The Guardian reported on Thursday that a teenage girl refused a suicide mission given to her by the extremist group Boko Haram. The girl had been held captive for months by Boko Haram and was strapped with a bomb vest and sent with two other girls to blow themselves up at a refugee camp. The teen girl who refused the mission tore off her vest as soon as she was out of sight of her captors. She tried to talk the two other girls out of going through with the mission, but they carried out the plan, killing themselves and 58 other people at the Dikwa refugee camp in Nigeria. In the video above, it says the girl refused the mission because she recognized family members among the refugees in the camp.
The bombing, which happened on Tuesday morning, was reported on Wednesday by the Guardian. It was reported that 78 other people were treated for wounds following the double bombings. The Dikwa camp houses about 50,000 refugees who have been driven from their homes by Boko Haram, according to the Guardian. Dikwa is 55 miles northeast of Maiduguri, which is the biggest city in that region and the birthplace of Boko Haram.
The teenage girl was picked up by local security forces and gave a tearful account of her ordeal. The girl told the security forces that “she was scared because she knew she would kill people.” She was also afraid of going against Boko Haram’s orders, but also told the security forces that she refused to carry out the mission because she was afraid she would have killed her own father, who was in the camp. She also said she could not talk her companions out of going through with the suicide mission.
The girl was able to prove her story when she led the soldiers to the unexploded vest. According to Algoni Lawan, a spokesman for the Ngala local government, said the young girl was among thousands who have been held captive for months by the extremist group. The girl is still in custody and has given officials information about other bombings that are planned by Boko Haram. This information has helped to increase security at the camp, according to Satomi Ahmed, who is the chairman of the Borno State Emergency Management Agency.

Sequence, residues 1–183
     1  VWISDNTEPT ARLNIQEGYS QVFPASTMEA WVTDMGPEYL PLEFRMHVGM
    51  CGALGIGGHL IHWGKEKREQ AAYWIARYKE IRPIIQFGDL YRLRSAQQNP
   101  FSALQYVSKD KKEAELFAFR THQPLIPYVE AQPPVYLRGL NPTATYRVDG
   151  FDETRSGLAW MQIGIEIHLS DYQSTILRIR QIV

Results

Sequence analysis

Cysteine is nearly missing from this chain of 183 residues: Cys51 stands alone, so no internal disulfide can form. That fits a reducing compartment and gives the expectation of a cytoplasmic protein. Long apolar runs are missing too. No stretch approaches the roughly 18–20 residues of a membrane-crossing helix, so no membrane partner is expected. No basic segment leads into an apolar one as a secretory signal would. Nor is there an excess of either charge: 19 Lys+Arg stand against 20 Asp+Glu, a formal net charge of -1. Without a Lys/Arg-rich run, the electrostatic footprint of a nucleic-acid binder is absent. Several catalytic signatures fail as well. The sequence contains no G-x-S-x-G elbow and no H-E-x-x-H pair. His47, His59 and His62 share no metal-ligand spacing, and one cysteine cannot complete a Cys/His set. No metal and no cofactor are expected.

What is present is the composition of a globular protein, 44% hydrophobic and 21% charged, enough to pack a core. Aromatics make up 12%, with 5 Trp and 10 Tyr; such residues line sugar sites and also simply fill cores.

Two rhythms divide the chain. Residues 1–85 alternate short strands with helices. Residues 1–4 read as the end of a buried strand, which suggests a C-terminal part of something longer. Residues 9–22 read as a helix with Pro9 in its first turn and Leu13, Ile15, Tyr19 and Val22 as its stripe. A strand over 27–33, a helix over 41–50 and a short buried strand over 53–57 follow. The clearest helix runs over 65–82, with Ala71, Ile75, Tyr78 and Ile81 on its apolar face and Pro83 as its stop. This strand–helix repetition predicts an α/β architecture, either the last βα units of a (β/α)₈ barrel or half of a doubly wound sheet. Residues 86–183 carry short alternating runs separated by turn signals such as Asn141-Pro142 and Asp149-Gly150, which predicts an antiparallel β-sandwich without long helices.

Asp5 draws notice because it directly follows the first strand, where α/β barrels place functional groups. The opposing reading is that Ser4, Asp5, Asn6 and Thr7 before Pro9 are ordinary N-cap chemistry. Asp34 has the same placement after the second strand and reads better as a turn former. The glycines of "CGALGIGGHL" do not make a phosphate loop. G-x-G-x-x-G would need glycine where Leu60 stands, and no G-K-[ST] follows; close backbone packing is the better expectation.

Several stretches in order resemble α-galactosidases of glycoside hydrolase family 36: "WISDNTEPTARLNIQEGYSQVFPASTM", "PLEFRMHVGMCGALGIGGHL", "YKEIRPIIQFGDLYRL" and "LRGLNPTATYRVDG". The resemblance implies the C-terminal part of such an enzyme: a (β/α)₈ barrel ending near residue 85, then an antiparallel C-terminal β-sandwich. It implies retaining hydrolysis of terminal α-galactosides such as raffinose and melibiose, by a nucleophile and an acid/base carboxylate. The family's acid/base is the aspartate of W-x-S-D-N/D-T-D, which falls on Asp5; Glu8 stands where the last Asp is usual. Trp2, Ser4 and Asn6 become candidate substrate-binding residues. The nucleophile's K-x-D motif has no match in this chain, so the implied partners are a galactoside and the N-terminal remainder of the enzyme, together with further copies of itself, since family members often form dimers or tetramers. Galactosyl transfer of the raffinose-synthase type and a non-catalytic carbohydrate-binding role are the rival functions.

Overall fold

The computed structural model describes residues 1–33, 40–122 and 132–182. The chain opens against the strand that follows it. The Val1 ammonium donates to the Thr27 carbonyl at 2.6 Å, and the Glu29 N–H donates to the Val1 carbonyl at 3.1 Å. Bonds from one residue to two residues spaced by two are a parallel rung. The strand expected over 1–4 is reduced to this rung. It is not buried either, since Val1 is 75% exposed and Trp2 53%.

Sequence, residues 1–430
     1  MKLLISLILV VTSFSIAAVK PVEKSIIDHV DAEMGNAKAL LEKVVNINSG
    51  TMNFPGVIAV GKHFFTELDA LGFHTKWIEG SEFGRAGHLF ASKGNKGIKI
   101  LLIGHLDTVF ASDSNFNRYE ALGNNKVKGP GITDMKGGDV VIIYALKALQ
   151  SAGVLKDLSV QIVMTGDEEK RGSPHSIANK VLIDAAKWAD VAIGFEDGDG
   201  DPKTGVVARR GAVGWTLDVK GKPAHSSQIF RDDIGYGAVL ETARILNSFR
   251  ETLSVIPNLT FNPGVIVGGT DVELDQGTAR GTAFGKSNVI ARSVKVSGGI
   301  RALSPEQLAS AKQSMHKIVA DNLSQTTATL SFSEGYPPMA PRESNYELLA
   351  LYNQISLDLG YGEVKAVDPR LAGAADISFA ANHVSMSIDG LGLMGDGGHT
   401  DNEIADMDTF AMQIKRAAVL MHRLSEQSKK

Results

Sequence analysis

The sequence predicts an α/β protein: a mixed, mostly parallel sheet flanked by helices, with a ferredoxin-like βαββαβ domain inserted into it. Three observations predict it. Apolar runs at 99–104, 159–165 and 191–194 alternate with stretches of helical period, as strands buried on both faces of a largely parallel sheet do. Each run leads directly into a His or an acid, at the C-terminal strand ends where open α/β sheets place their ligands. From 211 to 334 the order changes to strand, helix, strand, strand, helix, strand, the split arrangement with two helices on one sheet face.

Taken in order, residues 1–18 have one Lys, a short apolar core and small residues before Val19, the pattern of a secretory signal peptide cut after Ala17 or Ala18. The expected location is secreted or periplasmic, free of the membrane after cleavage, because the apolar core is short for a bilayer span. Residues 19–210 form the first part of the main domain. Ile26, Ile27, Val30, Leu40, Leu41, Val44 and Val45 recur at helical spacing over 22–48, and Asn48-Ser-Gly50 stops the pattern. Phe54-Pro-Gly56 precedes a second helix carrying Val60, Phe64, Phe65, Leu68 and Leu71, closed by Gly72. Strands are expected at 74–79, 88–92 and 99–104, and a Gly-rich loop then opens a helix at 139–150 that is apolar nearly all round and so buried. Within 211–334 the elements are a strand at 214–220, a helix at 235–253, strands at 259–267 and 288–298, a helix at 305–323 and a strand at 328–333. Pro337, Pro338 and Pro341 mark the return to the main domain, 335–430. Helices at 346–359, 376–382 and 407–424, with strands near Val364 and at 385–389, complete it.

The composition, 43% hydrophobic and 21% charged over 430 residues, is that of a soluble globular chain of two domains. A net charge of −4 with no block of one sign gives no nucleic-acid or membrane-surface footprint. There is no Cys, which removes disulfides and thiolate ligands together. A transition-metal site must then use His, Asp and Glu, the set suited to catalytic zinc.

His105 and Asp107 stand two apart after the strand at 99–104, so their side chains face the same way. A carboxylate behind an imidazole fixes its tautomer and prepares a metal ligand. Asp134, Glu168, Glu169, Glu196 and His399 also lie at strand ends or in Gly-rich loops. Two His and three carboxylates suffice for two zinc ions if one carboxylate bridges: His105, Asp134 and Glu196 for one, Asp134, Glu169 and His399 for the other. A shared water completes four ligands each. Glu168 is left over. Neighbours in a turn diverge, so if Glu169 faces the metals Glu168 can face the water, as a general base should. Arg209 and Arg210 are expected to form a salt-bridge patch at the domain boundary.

The U.S. condemned the bombings. State Department spokesman Mark Toner said the U.S. “remained committed to assisting those affected by the conflict and it supported efforts to provide greater protection for civilians and the regional fight against terrorism.”
An article, published by Watchtower Online about the teenage girl refusing to carry out the mission, said that the BBC reported that Boko Haram was designated as a terrorist organization by the U.S. in 2013. Boko Haram believes in a version of Islam that doesn’t allow Muslims to participate in Western ways of life, including voting and secular education. Boko Haram has attacked numerous schools in Nigeria and has kidnapped over 2,000 children, according to Amnesty International.
The suicide bombings have only proven fears that captives are being captured in order to use them as weapons, by strapping them with bombs and ordering them to blow themselves up in populated places. Some bombs have been detonated remotely by Boko Haram, giving the suicide bombers no chance to escape.
The Khaleej Times said that the UAE has “strongly condemned the suicide attack perpetrated by women from the Boko Haram terrorist group in the Dikwa Camp for internally displaced persons (IDP). A statement by the Ministry of Foreign Affairs and International Cooperation confirmed that these criminal acts targeting innocent people “contravene all humanitarian values, ethics and principles.”
“The UAE stands in solidarity with Nigeria in its fight against terrorist groups.”
It is not known if the teenage girl’s father or other family members were among the 58 people killed in Tueday’s suicide bombings of the Dikwa camp.
[Photo by AP Photo/Jossy Ola]